Creating wxWidgets Programs with Visual Studio 2015 – Part 2

Part 1 of this post described how to set up your development environment for building wxWidgets-based Windows applications, and how to build a bare-bones application. This post continues the development of this application by modifying it to create a HelloWorld program.

The first step is to create a new main window class. In Solution Explorer, right click on the project name (MyProject if you are following along from part 1). Select Add->Class... from the dropdown menu to open the Add Class dialog. Double-click on C++ Class       Visual C++ to start the Generic C++ Class Wizard. Enter “HelloWindow” as the class name. Enter “wxFrame” as the base class, then select the Virtual destructor checkbox. Click the Finish button. Two new files, HelloWindow.h and HelloWindow.cpp are created and opened.

In HelloWindow.h, delete the #include directive. Add the
void OnClick(wxCommandEvent& event);
method, then add a wxStaticText* member called hello, and a wxButton* member called helloButton.


#pragma once
class HelloWindow :
    public wxFrame
{
public:
    HelloWindow();
    virtual ~HelloWindow();
    void OnClick(wxCommandEvent& event);

private:
    wxStaticText* hello;
    wxButton* helloButton;
};

In HelloWindow.cpp, add
#include "wx/wxprec.h"
as the first line in the file, and
#include "HelloWindow.h"
as the second line in the file.

Define a enumeration to contain two widget IDs, one for a wxStaticText widget, and another for a wxButton widget.

Add the following code to HelloWindow::HelloWindow(). This creates a wxStaticText widget and a wxButton widget and adds them to the window. The code also binds the OnClick method to the button click event.
hello = new wxStaticText(this, ID_STATIC, L"", { 100, 50 }, { 250, 20 });
helloButton = new wxButton(this, ID_HELLO, L"Hello", { 150, 100});
helloButton->Bind(wxEVT_BUTTON, &HelloWindow::OnClick, this);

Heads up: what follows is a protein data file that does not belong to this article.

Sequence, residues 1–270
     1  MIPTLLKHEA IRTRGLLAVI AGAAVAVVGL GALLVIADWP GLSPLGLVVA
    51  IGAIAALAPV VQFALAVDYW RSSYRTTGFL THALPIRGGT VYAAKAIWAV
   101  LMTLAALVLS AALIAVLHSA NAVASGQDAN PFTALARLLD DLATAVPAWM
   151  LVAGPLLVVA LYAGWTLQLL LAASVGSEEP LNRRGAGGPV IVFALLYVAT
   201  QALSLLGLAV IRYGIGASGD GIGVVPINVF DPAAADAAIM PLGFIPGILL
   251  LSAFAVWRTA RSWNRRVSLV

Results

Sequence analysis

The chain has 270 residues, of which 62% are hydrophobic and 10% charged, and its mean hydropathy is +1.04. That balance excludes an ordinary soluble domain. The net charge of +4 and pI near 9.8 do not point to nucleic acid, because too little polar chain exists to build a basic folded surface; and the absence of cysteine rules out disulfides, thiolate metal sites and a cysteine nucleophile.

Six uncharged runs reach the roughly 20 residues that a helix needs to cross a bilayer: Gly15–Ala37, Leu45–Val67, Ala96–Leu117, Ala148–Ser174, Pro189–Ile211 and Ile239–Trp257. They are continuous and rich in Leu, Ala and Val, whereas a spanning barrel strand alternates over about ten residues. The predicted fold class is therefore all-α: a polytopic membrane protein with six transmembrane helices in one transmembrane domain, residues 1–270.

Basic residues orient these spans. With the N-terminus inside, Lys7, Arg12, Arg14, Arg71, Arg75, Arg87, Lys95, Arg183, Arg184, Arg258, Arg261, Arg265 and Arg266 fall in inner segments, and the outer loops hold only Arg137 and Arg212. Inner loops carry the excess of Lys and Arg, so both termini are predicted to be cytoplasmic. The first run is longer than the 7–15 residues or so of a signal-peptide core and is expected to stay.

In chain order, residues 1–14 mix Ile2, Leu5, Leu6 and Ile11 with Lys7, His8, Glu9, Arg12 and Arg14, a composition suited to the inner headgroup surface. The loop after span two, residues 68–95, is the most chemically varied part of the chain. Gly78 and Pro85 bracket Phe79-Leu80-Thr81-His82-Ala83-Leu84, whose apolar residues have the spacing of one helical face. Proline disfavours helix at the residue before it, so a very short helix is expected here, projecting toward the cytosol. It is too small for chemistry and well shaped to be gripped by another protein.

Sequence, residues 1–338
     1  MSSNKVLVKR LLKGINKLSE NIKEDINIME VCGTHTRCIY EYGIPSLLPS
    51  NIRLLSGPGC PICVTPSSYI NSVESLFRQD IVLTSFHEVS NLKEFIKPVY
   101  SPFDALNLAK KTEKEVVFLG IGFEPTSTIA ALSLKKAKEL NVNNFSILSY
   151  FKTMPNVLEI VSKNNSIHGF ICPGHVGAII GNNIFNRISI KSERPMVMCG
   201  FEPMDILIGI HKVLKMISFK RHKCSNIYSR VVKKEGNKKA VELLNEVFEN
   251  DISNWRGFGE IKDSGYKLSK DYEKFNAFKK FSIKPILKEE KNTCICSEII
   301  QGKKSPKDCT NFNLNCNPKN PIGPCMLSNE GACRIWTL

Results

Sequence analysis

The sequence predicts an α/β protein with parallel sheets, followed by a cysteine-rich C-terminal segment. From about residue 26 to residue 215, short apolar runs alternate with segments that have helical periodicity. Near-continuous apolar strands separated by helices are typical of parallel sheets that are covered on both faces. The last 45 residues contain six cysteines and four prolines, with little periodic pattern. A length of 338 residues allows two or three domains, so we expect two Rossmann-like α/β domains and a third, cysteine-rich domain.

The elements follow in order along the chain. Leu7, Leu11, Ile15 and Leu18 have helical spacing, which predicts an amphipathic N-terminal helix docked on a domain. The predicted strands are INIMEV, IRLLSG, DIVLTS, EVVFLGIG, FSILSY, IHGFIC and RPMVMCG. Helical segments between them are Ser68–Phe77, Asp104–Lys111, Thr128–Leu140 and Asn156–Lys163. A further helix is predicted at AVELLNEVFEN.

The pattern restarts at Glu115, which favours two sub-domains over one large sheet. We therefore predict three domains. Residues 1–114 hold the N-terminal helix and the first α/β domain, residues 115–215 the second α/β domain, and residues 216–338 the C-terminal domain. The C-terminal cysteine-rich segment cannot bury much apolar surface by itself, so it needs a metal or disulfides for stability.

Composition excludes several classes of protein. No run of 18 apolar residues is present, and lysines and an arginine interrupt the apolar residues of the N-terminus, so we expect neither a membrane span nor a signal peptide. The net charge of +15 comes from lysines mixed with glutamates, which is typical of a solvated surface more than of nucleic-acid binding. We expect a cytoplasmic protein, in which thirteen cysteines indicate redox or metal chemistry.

and add the method HelloWindow::OnClick as follows:

void HelloWindow::OnClick(wxCommandEvent& event)
{
    hello->SetLabelText(L"Hello World, I want to get off.");
    helloButton->Enable(false);
}

This code sets “Hello World, I want to get off.” as the label of the wxStaticText widget and disables the button. Since this method performs the same action every time it executes and no other method sets the wxStaticText widget’s label to any other value, there is no reason to leave the button enabled.

HelloWindow.cpp should now look like this:

#include "wx/wxprec.h"
#include "HelloWindow.h"

enum {
    ID_STATIC = 2001,
    ID_HELLO
};

HelloWindow::HelloWindow() : wxFrame(nullptr, wxID_ANY, L"Hello World!")
{
    hello = new wxStaticText(this, ID_STATIC, L"", { 100, 50 }, { 250, 20 });
    helloButton = new wxButton(this, ID_HELLO, L"Hello", { 150, 100 });
    helloButton->Bind(wxEVT_BUTTON, &HelloWindow::OnClick, this);
}

HelloWindow::~HelloWindow()
{

}

void HelloWindow::OnClick(wxCommandEvent& event)
{
    hello->SetLabelText(L"Hello World, I want to get off.");
    helloButton->Enable(false);
}

Add

#include "HelloWindow.h"

below the two #include directives at the top of MyProjectApp.cpp. Change the

wxFrame* mainFrame = newwxFrame( nullptr, wxID_ANY, L"MyProject");

line in MyProjectApp::OnInit()

to

HelloWindow* mainFrame = new HelloWindow();
Build and run this program. You will get the following window:

HelloWorld1

Click the Hello button:

Hello World2

As noted above, text is displayed in the wxStaticText widget, and the wxButton is disabled.

But Aren’t There Memory Leaks?

A HelloWorld object is created on the heap in MyProjectApp::OnInit() and two widgets are created on the heap in the HelloWorld constructor, but these objects are not deleted anywhere in the code. Doesn’t that result in memory leaks?

Well, no. The wxWidgets library takes ownership of these objects and deletes them at the appropriate time. The widgets are deleted when HelloWindow is destroyed, and HelloWindow is deleted when the MyProjectApp terminates.

Now What?

The Tutorials section of the wxWidgets website contains more information about wxWidgets and how to use it.

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2 thoughts on “Creating wxWidgets Programs with Visual Studio 2015 – Part 2

  1. Pingback: Visual Studio, wxWidgets, and OpenGL | Using C++

  2. Pingback: HelloTriangle | Using C++

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